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    Quote Originally Posted by ColoradoHawk View Post
    I’m putting an electric fuel pump in my ‘63 Hawk because I want to drive it. Starting it,even after a long period of time isn’t a big issue. It’s keeping my Hawk drivable and not having it vapor lock while in traffic here in Denver on a 90 degree day. Once up to temp, my Hawk will begin to vapor lock if I sit at a stop light for more than a minute on any day over 75 degrees. Back in the day when we had “real” gas I never had any problems with it vapor locking. But now that times are different, the original mechanical fuel pump just won’t cut it. An electric pump is the only way to go.
    exactly the issue...case in point, yesterday nice and warm about 85 F temp and truck was acting funky in traffic at traffic lights waiting because of road construction issues, decided to turn on electric fuel pump and all was well. Got home, lifted hood with engine running and watched fuel boil in glass fuel filter and pressure gage needle fluttering...flipped on fuel pump and in a matter of a few seconds no boiling fuel in filter, rock-steady fuel pressure, and steady idle. My car, with much higher underhood temps than my truck, has no mechanical pump, only electric pump has never demonstrated any issues in traffic no matter what the outside temperature is. To Tim333...do you drive your car on warm days in rush hour traffic, if you do how come your car has no issues with boiling fuel? cheers, junior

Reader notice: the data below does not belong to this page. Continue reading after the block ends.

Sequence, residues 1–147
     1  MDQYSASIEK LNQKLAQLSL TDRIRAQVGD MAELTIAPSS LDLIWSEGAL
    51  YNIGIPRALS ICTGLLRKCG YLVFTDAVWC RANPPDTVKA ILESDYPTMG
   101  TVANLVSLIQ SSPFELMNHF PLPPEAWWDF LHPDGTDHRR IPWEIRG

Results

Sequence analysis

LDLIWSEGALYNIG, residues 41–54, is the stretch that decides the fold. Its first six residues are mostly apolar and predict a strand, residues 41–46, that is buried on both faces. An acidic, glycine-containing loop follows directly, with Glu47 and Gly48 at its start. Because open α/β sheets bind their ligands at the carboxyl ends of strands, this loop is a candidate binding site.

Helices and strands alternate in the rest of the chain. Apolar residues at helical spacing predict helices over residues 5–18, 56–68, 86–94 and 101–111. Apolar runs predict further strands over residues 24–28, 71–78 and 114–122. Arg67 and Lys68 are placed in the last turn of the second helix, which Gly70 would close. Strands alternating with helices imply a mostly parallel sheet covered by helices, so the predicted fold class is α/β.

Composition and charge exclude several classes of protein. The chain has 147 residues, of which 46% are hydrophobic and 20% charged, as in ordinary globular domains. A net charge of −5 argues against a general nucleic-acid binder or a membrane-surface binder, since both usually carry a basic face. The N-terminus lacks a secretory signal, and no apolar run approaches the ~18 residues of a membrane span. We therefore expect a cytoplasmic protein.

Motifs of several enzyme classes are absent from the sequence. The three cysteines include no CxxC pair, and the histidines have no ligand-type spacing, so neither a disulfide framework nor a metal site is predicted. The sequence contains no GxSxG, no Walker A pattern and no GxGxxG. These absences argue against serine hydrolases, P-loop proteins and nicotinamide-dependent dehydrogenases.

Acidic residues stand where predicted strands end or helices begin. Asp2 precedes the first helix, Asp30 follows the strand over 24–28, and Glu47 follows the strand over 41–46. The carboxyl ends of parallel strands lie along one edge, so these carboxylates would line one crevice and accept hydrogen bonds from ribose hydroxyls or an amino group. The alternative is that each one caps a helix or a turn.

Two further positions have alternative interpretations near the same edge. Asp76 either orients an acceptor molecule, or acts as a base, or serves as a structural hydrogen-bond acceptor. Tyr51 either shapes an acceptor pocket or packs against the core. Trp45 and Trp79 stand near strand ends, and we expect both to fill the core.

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    President Member TWChamp's Avatar
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    I wonder if anyone here has tried adding a quart of diesel fuel to a tank of 10% ethanol crap gas?
    I've read that someone tried it with good results to eliminate the easy boiling of today's gas.
    I plan to try it if I'm on a trip and can't find the better gas without corn crap in it.

    My Model A with gravity feed has boiling and vapor lock problems when using the 10% crap gas, but runs fine on the better gas without corn crap.
    Ethanol took out my stock 50 Champion pump in MI, so I had to install an electric pump to get home, and I still use the electric pump, but the gas still boils in the carb and floods the engine during short stops, like 5 to 30 minutes. I added a heat shield to the carb mount, and that helped a lot, but still isn't perfect like the 60's and 70's driving was.